Adenomyosis of the uterus is a potentially painful condition that all menstruators should know about. Women in pain face more barriers to treatment than men in pain, so the more you know about potential causes of intense pain, the better equipped you will be to advocate for yourself.
Keep reading to learn what adenomyosis symptoms to look out for, as well as the treatment options. Plus, find out how AIMA is working to close the gender pain gap and provide relief for period discomfort!
What Is Adenomyosis of the Uterus?
Adenomyosis is a condition characterized by the endometrial tissue that lines the inside of the uterus growing into the muscular walls of the uterus (myometrium). This causes the uterus to thicken and enlarge, sometimes even to double or trip its normal size, leading to extremely painful periods, abnormal bleeding, and infertility.
Like endometriosis, which we’ve discussed before, this is a disorder that involves endometrial tissue. The difference is that in adenomyosis of the uterus, the endometrial tissue grows into the muscle of the uterus, while endometriosis involves the tissue growing outside the uterus, which can include the ovaries, the fallopian tubes, and even the bowel and bladder.
Adenomyosis Symptoms You Need to Note
Doctors dismissing women’s pain is all too common, so it’s important to know what symptoms to look for. Adenomyosis shares some symptoms with other conditions that cause discomfort in the lower abdomen, including endometriosis, fibroids, and dysmenorrhea.
It is possible to have adenomyosis without knowing it, as many women don’t experience symptoms. Those who do may notice intense period pain, painful period cramps, pelvic pain, dyspareunia, and infertility. Heavy menstrual bleeding may also be a sign of adenomyosis. This not only puts women with adenomyosis at risk of intense pain but also anemia due to losing iron through blood loss.
The thickening of the uterus caused by this condition can lead to a protruding abdomen, which is known as adenomyosis belly. Adenomyosis may reduce the chances of conceiving a child. If a woman with adenomyosis does become pregnant, the condition can lead to complications, including miscarriage or premature labour.
What Causes Adenomyosis?
The exact cause of adenomyosis of the uterus is unknown, but it is more common in women who have given birth. It tends to affect menstruators aged 35 to 50 who have had at least one pregnancy, have uterine fibroids, and suffer from endometriosis.
Some medical professionals believe that inflammation of the uterus after childbirth may break barriers that allow endometrial cells to enter the muscle wall of the uterus. Other theories suggest that endometrial cells grow into uterine muscle due to an incision made during surgery (such as during a C-section delivery), or simply due to stem cells present in the uterine wall from birth that only begins growing later in life.
More research is needed to shed light on the cause of this and other conditions that leave women in pain. As we work to close the gender pain gap, we hope that more funding will be devoted to issues around period discomfort!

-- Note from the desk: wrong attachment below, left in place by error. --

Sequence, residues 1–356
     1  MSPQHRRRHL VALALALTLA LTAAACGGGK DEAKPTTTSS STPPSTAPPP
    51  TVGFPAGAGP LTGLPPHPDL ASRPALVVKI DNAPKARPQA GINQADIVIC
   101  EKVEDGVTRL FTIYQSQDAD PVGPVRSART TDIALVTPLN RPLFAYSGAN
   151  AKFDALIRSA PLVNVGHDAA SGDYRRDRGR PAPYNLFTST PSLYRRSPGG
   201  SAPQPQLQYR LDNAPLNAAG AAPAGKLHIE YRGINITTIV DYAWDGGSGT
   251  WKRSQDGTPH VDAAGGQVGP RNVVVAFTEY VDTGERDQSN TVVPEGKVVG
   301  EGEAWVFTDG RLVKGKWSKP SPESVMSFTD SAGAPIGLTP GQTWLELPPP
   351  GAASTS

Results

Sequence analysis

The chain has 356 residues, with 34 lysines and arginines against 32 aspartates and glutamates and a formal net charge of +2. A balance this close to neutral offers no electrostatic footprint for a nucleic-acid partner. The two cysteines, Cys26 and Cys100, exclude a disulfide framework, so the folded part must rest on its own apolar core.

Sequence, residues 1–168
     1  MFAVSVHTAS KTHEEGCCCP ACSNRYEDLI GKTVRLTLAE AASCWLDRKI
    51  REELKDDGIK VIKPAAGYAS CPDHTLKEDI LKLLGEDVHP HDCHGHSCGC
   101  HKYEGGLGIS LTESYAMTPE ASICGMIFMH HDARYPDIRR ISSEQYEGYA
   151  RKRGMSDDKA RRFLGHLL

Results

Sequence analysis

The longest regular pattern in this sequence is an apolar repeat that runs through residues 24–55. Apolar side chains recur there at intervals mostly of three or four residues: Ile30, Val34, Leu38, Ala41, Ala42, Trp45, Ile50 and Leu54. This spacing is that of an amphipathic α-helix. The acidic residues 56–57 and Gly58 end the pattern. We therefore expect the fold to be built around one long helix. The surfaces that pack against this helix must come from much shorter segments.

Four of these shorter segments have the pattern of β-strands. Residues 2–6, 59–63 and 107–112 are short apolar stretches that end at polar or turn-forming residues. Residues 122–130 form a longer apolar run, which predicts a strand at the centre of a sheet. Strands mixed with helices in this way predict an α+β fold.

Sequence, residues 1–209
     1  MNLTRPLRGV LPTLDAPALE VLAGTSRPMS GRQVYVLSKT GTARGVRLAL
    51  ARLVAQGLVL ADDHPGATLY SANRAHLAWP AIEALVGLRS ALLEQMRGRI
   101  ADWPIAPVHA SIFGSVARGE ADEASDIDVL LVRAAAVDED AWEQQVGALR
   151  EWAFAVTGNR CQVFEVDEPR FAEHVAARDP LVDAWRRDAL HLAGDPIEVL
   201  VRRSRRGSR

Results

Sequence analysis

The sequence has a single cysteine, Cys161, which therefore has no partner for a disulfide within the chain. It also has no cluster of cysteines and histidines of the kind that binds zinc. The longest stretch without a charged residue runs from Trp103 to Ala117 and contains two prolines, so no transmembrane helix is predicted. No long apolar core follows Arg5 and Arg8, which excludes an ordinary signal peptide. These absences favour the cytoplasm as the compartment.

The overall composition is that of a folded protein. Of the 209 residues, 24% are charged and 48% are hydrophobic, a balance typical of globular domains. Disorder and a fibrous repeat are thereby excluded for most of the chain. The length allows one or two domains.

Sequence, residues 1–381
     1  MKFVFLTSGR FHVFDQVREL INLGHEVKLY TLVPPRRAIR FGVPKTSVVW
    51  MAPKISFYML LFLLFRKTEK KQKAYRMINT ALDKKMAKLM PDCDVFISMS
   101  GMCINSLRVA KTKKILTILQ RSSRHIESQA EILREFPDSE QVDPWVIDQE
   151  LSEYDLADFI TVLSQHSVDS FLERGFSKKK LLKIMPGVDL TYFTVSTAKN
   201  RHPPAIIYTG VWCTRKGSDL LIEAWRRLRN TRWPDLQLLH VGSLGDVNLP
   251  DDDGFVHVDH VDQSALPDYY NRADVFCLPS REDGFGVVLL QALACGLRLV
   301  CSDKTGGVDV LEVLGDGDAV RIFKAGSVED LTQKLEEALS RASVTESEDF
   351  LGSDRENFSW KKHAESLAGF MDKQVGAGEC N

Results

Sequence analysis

Current Adenomyosis Treatments
As is the case with several other conditions that cause ovarian pain or other intense pain for women, there is no cure for adenomyosis – only the management of symptoms. If adenomyosis is suspected based on symptoms, your doctor will need to perform further tests. These may include a pelvic exam, a transvaginal ultrasound, or magnetic resonance imaging (MRI) scans of your pelvic area. These images can reveal an enlarged uterus and thickening of muscle that would indicate adenomyosis.
The most common way to manage the extremely painful period that may come with adenomyosis is with medicines like naproxen or ibuprofen. Since estrogen encourages the growth of endometrial tissue, hormonal birth control that stops menstruation and reduces estrogen levels can help provide relief. Ultimately, removing the uterus through a hysterectomy is the only long-term solution.
Women who wish to get pregnant or are worried about the potential negative effects of non-steroidal anti-inflammatory drugs (NSAIDs) may want to try alternative therapies such as acupuncture or physical therapy. Adenomyosis symptoms should stop after menopause, so your treatment choice should depend on your age.
How Can AIMA’s OVY CBD Vaginal Suppository Help With This Uterine Condition?
Whether you have Adenomyosis of the uterus or another condition that causes intense pain, there is an exciting new form of support. Instead of suffering from untreated pain, why not try an innovative solution that could help with period pain?
The OVY is a CBD-enhanced vaginal suppository that acts on cannabinoid receptors in the reproductive tract. In other words, the naturally derived active ingredients work at the source of the pain to provide localized, fast-acting relief for period discomfort.
Along with developing safe, effective menstruator-centric products, we’re committed to exercising our values of transparency, accountability, and science focus to break the silence around period pain.
We’ve seen too many examples of when doctors downplay women’s health concerns, and we’re doing everything we can to close the pain gap! Do you have a story to share about adenomyosis? If so, email us and help us raise awareness (#myperiodstory)!